August 8, 2012 11:36 am

    So true! But we would do it all again and again. Gold medals all around!

  7. Kathy permalink
    August 8, 2012 12:08 pm

    And no matter their age, there still is opportunity to rejoice with them and cry for them… mine are 32 and 27.

  8. August 8, 2012 12:10 pm

    To watch everything we say or do…to be the model so they can do as we do and not just as we say. Sometimes, it can be an impossible task, especially when they’re pushing us to be more than we ever thought we could possibly be. And yet we want to come through for them. And when we do…sweetness!

    Love your list!

  9. Kana Tyler permalink
    August 8, 2012 1:07 pm

    Amen, Sister!! :)

  10. August 8, 2012 1:16 pm

    yes, yes, YES!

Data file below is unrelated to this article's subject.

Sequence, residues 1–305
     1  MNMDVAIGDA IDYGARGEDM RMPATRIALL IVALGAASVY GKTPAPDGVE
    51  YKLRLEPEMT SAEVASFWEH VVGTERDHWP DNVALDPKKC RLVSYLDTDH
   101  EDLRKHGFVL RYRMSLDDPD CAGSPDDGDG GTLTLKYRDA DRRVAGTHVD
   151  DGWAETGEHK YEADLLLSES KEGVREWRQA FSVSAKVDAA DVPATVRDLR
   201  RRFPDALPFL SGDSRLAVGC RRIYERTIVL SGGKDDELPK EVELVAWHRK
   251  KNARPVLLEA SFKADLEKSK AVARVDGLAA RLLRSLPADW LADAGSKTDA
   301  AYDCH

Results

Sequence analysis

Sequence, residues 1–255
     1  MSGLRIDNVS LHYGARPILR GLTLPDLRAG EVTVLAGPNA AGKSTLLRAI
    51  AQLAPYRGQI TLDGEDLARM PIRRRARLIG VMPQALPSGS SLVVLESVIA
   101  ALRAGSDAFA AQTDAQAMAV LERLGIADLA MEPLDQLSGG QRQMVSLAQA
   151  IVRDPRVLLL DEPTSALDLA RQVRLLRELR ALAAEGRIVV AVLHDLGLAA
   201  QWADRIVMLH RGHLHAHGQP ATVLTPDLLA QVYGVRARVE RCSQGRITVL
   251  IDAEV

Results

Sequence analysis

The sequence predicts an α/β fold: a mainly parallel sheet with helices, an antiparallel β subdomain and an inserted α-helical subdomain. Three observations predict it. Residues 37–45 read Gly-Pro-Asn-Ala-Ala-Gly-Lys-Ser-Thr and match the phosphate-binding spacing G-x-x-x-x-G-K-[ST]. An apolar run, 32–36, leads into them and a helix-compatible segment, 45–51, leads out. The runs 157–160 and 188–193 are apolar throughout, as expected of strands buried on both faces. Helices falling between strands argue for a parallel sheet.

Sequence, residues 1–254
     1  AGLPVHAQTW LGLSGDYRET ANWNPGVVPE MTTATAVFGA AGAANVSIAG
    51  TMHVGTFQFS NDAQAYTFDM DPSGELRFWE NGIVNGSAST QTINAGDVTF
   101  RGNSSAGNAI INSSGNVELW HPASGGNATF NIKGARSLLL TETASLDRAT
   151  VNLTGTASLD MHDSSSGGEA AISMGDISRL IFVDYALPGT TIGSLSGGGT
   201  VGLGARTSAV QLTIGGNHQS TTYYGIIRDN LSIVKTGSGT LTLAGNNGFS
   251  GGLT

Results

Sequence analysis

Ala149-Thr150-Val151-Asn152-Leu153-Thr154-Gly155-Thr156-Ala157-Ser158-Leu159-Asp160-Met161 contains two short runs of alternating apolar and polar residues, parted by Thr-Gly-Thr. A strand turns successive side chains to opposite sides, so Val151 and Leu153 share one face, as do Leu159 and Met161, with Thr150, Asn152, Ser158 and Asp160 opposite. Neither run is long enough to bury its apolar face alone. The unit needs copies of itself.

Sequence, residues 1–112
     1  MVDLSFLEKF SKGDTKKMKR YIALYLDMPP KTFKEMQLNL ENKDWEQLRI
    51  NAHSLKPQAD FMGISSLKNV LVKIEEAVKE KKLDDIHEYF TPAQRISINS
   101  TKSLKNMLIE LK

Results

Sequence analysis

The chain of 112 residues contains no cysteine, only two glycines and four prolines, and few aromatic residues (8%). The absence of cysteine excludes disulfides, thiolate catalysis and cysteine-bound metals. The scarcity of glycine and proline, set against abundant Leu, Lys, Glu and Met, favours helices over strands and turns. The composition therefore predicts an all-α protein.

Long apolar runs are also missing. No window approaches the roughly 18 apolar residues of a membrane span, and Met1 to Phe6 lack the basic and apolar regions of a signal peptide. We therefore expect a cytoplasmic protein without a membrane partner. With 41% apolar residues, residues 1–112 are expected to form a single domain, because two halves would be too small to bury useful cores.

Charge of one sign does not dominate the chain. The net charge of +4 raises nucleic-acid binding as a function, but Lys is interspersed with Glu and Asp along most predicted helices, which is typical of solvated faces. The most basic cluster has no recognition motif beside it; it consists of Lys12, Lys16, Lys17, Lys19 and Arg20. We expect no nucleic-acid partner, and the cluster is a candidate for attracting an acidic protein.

oh how I loved this :)

  11. Michele permalink
    August 8, 2012 1:31 pm

    I knew the second I saw the title of this post you were talking about parenting! I agree with every point. My only addition would be to add any pet that is in the home and guiding the children’s relationship and care for the pet while also managing the pet and IT’s bodily functions/needs to the already worn out parent. Can you tell we have a new to us puppy? ;)

  12. Mark permalink
    August 8, 2012 3:30 pm

    I’ll enthusiastically add the following: forfeiting that romantic encounter to put someone BACK to bed, eating unrecognizable left overs, preventing the fight, stopping the fight, debriefing the fight, muscling through that last 100 mile stretch of the road trip during the late evening snow storm during multiple child melt downs, clean up, clean up, clean up, coping with the inevitable interruption of that precious thought process you were enjoying (and deserving)- and most parents do it all without the luxury of a personal trainer, free living accommodations and of course, doping… unless coffee & beer is considered doping. Excellent post!